For the 2021 season, “I’m expecting somewhat better quotas,” said Anderson, but fishing could also be restricted “because of the status of those natural coho stock along the coast.”

Despite the big number of coho in the lower Columbia, fishery managers will set seasons carefully in order to not over-impact other limiting stocks, and will adjust fisheries as necessary, according to Kyle Adicks, Fish and Wildlife intergovernmental salmon manager.

“All of our forecasting indicates a strong coho return to the Columbia, but a lot can change between now and when fish start to arrive, including out in the ocean,” Adicks said. “We’ll be keeping a close eye throughout this year’s salmon season setting process on stocks of low abundance.”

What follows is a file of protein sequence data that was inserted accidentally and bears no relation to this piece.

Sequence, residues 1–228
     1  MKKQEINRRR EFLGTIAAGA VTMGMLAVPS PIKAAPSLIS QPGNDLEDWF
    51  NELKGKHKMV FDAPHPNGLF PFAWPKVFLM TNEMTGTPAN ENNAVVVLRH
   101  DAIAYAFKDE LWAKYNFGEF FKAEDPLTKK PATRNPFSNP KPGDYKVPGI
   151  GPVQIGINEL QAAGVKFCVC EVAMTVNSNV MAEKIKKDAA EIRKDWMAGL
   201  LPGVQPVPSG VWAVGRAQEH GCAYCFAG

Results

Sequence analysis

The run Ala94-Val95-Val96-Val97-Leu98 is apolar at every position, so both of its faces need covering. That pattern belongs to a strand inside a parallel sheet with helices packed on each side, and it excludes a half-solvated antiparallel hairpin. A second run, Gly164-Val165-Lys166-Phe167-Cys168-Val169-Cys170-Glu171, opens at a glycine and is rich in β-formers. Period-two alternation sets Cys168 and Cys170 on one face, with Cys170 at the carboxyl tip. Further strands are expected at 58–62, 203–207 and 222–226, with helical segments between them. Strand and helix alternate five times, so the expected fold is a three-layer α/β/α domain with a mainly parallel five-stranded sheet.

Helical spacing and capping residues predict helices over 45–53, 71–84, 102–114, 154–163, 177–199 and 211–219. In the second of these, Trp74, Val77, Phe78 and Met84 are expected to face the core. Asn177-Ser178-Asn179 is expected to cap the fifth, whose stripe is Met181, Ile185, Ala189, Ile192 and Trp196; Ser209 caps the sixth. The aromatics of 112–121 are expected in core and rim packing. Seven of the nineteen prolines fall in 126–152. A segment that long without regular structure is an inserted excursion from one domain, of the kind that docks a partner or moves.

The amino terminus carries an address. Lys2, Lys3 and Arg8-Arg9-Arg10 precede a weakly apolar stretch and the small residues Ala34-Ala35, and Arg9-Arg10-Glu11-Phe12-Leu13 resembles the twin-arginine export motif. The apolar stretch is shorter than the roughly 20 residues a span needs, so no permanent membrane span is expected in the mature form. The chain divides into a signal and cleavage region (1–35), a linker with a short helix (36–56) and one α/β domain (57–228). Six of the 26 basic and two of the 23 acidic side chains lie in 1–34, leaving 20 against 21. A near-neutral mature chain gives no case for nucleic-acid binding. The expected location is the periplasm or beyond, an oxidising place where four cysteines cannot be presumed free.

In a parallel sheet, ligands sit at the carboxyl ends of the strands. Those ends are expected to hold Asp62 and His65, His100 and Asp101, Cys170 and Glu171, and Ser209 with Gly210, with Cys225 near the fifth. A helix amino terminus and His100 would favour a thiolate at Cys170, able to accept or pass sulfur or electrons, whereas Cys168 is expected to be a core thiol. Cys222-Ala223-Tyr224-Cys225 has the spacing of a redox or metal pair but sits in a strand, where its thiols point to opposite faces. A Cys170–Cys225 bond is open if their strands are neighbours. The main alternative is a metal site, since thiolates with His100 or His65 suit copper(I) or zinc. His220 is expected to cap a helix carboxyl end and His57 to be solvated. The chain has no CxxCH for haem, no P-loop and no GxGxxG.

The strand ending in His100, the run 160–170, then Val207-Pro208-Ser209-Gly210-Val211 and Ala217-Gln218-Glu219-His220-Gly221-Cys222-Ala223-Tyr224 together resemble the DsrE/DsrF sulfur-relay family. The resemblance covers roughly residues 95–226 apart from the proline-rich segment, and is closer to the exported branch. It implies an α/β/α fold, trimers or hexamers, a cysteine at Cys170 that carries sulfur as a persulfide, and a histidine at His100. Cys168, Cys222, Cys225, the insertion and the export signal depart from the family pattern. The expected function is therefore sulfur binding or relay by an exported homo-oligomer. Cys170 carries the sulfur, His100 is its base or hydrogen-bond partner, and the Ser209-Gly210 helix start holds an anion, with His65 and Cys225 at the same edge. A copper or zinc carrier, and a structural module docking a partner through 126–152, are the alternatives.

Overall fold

“If every salmon run across the state was healthy, our jobs would be easy,” said state Fish and Wildlife Director Kelly Susewind. “But the unfortunate truth is that some stocks just won’t be able to support fisheries, and are likely to impact fisheries even for healthier runs. We’ll work hard alongside the co-managers to stay within our shared conservation goals while still offering chances to get out and fish this year whenever possible.”

In terms of ocean fishing for Chinook, quotas depend on the health of hatchery stocks in two locations at or below the Bonneville Dam on the Columbia River, said Anderson, both of which are looking a little better than last year. The Fish and Wildlife statement said about 73,100 hatchery Chinook are expected to return to the lower Columbia River this year, similar to last year’s return, adding the 2020 return came in above forecast, but still only about 85% of the 10-year average.